Fines for partners who charged clients for indemnity insurance


Insurance: Cover is an overhead and should not have been charged

Three partners have been fined for charging conveyancing clients for the firm’s indemnity insurance, as well as “variable sums” for filling out a simple standard form.

The Solicitors Disciplinary Tribunal (SDT) recounted too how Davinderjit Singh, sole equity partner at Crown Gate Law Solicitors, went on holiday to India, leaving nobody qualified to supervise staff when officers from the Solicitors Regulation Authority (SRA) paid a surprise visit.

The ruling also revealed that the SRA planned to close down the firm in December 2018, but held off “following representations” and eventually decided not to take that action after problems with the accounts were sorted out.

Crown Gate Law, based in Birmingham, began trading in December 2013. Mr Singh was admitted in 2008.

Kunal Ahir, qualified in 2012, became a partner in December 2014, although he had his own law firm in Leicester which “provided him with his living”, the tribunal said.

Mukhtiar Singh Ubhi, admitted in 2005, became a partner in 2016. He ran a company through which he provided a consultancy service.

Mr Ahir and Mr Ubhi told the SRA that they did not carry out fee-earning work, receive an income from the firm, supervise staff or attend the offices regularly.

The three solicitors admitted all the allegations made against them by the SRA.

The firm charged conveyancing clients variable indemnity insurance contributions and fees for land transaction returns, a standard form that set out the stamp duty land tax payable and details of the transaction.

The SDT said: “The firm’s insurance was an overhead of the firm. It was something the firm should pay as an overhead, rather than something clients should have to pay themselves.

“As [Mr Singh] conceded, all clients got the same level of indemnity cover and same protection.”

The only differences in the completed land transaction form were the address and value. They all took a similar amount of time to prepare “and did not, of themselves, protect the client,” the SDT noted.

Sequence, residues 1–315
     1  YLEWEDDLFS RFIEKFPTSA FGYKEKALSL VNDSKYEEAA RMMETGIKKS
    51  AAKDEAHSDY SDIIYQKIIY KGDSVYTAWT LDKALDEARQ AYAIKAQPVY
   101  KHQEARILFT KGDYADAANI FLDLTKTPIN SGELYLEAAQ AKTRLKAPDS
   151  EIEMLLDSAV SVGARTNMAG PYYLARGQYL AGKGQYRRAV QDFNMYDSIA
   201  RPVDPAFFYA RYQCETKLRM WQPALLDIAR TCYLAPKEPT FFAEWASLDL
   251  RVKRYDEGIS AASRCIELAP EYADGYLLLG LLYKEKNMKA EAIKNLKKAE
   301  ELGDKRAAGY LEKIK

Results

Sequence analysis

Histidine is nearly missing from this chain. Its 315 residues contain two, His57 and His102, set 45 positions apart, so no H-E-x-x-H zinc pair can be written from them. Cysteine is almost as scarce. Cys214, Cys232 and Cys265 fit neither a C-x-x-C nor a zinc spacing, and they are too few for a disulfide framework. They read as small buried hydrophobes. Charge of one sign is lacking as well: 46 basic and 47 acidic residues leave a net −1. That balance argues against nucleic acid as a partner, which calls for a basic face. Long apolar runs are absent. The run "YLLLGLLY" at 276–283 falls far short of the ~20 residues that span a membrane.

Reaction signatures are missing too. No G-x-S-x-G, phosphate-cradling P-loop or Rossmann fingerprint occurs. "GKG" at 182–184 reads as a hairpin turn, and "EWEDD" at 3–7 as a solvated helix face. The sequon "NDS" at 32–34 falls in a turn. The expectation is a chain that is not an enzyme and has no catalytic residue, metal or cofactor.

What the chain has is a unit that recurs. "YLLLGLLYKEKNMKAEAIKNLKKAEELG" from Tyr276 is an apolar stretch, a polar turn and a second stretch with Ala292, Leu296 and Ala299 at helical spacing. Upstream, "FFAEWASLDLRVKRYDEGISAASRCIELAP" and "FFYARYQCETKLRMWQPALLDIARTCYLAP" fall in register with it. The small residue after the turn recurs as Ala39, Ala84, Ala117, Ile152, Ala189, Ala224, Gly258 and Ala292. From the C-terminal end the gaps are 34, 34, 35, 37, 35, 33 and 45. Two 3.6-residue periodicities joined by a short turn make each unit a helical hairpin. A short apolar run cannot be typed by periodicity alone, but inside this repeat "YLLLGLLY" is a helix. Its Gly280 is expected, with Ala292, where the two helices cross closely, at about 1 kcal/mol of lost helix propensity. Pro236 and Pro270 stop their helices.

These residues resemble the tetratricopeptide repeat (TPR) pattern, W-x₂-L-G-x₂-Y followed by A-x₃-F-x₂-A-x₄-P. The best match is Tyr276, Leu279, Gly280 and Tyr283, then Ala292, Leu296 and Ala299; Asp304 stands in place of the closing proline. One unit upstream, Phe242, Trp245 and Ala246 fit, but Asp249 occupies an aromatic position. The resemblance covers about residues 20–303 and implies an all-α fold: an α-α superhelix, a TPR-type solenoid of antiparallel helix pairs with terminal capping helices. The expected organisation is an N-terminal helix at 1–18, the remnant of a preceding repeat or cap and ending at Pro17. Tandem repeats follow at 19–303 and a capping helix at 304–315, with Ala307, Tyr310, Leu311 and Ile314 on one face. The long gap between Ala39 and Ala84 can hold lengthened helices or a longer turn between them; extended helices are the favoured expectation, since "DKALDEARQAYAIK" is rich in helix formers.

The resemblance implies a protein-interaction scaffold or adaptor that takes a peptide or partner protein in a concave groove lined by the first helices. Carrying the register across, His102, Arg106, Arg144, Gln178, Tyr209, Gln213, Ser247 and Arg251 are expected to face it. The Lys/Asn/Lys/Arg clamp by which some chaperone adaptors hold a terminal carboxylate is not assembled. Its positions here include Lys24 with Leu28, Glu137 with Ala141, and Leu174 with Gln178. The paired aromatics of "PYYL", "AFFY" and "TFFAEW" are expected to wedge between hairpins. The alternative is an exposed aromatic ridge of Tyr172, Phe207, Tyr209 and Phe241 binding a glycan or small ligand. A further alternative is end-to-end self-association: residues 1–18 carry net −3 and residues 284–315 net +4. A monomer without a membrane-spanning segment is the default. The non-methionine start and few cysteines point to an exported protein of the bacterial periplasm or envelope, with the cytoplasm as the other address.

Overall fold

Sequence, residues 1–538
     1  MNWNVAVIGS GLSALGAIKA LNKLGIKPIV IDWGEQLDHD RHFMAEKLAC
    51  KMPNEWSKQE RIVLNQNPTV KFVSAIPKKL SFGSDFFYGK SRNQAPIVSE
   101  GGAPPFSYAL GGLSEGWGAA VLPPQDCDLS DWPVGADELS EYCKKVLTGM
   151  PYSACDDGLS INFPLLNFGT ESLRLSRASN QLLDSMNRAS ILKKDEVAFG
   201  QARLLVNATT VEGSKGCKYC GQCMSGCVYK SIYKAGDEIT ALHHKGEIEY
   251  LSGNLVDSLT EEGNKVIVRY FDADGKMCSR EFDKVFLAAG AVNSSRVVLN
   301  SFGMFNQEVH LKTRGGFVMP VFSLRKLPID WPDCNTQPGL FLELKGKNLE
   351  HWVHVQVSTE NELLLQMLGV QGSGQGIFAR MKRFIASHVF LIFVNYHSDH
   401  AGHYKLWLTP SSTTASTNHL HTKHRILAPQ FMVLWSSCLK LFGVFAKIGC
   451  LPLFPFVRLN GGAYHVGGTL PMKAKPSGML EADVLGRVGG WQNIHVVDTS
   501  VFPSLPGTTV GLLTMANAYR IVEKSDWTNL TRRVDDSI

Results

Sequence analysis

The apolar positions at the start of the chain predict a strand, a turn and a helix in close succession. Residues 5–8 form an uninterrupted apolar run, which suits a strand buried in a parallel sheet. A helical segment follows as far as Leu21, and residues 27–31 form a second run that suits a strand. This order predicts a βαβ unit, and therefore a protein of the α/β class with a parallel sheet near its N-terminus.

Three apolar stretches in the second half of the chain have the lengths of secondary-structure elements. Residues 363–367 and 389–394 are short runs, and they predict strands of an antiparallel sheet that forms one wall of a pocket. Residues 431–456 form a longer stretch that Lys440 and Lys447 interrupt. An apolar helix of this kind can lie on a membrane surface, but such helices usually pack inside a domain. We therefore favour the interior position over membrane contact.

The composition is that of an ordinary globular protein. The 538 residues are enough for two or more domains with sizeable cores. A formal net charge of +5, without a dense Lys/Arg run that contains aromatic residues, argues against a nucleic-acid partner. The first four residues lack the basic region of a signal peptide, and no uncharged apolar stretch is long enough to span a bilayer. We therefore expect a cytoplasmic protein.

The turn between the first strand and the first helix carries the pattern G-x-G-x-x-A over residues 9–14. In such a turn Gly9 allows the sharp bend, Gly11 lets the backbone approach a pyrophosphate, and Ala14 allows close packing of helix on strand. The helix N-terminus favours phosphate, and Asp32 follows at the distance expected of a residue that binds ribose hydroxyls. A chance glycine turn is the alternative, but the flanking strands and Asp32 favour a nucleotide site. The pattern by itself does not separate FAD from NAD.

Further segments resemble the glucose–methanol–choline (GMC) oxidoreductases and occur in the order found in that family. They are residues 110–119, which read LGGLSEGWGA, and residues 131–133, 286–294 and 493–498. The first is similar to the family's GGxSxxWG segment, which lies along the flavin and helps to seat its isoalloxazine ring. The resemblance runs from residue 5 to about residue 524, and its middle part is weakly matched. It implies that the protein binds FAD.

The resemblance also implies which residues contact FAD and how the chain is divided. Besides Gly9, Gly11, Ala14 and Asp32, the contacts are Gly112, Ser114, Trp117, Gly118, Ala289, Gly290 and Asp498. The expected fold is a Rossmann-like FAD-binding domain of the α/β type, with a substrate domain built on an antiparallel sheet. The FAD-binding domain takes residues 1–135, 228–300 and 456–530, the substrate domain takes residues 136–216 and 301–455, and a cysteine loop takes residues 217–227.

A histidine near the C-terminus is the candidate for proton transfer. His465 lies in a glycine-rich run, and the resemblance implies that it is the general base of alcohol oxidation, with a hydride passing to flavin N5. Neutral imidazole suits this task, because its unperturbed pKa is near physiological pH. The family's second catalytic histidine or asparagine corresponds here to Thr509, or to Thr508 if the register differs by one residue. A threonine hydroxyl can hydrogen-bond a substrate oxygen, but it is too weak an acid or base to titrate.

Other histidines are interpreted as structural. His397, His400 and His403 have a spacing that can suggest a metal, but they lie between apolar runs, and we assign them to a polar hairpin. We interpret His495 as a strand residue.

But when asked why the firm was charging different amounts for different properties, Mr Singh said: “If [the clients] don’t have any objections, what’s the problem with that?”

However, clients were told that this was a fixed disbursement.

Both of these charges were examples of clients not being treated properly, the SRA said.

Mr Singh admitted going on holiday in February 2018, without leaving anyone qualified to supervise staff, as the other two partners were not there.

The only solicitor in place – who in any case was not an employee – was one with conditions on his practising certificate stating that he could not be a manager.

The three solicitors admitted a range of accounts rules breaches as well, including failing to have a proper record of the accounts, having two “separate and inconsistent sets of client ledgers”, failing to keep office and client money separate, and failing to carry out reconciliations.

They failed to run their firm with “proper governance principles”, they did not have “proper employment arrangements with their staff” or a partnership agreement or VAT registration.

In mitigation, Mr Singh said the firm had since merged and had new accountants, all of the staff had contracts of employment, and there was also a partnership agreement in place. He apologised for what had happened, which he put down to issues of competence that had been addressed.

The SDT found that Mr Singh’s misconduct arose of his failure to pay proper regard to his obligations as a partner to manage the firm and its accounts in accordance with the rules over a period of time.

The tribunal accepted there was “no malign motivation” on his part and there was no loss of client monies. He displayed “genuine insight” into what he had done.

It concluded that the misconduct was not such that it should interfere with Mr Singh’s ability to practise and considered an £8,000 fine appropriate.

The tribunal said Mr Ahir and Mr Ubhi had “abrogated all responsibility for the running and management of the firm to the first respondent” and their lack of engagement was “culpable”. They were each fined £1,500.

The SRA applied for costs of £53,800, which the tribunal reduced to £35,000 after finding the investigation costs excessive. Mr Singh was to pay £25,500 of them and Mr Ahir and Mr Ubhi £4,725 each.




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Katie McKenna

How is your internal weather today?

Like the weather, our feelings and perspectives change and undulate throughout the day. When you look outside, you get a snapshot of the world in that moment.


Anything else to say about SDLT?

SDLT is not stamp duty. This is something I have to say to firms too often. Whilst it has some of the same words in its name, it is not the former tax on property deeds that existed pre-December 2003.


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